In addition to the honey, Knapp’s Nectar is an exclusive line of lip balms and other therapeutic products made from the Knapp Ranch bees, and also available for purchase at Knapp Harvest.

Knapp’s Nectar extra-fine grade wildflower honey is derived from a unique blend of native Colorado wildflowers, fruit tree blossoms, and annual and perennial flowers.

“We sell honey from our own hives as well as products sourced from other small producers whose hives range from the high mountain environments in Aspen and Vail to the rich and fertile Colorado River Valley located to our west,” says Weiland. “Our quality control measures trace the source of our honey products, ensuring that that our product is sustainable, and that the pollen, enzymes, vitamins, and minerals remain intact from hive to bottling.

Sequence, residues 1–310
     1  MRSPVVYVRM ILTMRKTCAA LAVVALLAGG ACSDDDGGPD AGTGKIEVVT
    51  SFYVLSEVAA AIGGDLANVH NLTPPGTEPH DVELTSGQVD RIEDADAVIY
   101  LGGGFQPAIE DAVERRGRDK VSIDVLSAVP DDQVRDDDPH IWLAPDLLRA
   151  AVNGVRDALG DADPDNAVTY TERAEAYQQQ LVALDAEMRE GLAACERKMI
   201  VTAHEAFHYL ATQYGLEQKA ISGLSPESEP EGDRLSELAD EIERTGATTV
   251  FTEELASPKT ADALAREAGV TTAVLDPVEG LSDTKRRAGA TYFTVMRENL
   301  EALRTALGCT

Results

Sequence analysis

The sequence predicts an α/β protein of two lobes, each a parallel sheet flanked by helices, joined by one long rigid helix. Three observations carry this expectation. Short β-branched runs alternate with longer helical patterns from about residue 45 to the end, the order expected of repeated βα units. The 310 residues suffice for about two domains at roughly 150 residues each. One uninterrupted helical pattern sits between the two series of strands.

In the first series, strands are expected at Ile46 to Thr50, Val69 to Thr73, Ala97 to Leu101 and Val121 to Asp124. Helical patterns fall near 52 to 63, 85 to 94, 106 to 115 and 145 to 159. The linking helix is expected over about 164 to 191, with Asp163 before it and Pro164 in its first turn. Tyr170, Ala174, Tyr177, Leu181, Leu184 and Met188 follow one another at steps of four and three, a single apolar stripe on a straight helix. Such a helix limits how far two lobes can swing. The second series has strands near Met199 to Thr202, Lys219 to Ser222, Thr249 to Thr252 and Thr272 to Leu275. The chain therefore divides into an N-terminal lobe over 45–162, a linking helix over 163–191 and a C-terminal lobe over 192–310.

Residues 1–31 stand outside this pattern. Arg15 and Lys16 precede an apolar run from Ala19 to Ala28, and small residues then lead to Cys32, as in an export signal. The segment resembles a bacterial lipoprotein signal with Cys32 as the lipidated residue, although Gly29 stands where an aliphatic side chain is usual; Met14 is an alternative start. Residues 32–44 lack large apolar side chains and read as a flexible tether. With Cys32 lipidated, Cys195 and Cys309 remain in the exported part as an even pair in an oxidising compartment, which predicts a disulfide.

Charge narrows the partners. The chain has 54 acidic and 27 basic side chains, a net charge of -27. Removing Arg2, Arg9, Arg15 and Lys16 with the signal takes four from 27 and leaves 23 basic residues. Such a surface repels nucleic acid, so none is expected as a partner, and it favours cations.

“Our bees are the backbone of our business,” adds Weiland. “They’re by far the hardest workers at Knapp Ranch, and some of the hardest working creatures on the planet, and the services they and other pollinators provide not only help sustain the modern food system but also create attractive habitats for other animals, insects and birds.”

At Knapp Ranch, the bees live in wooden structures, built on site in the pattern of Slovenian bee houses. Designed to withstand the quickly changing climatic conditions at an elevation of 9,000 feet, the houses can accommodate two hives.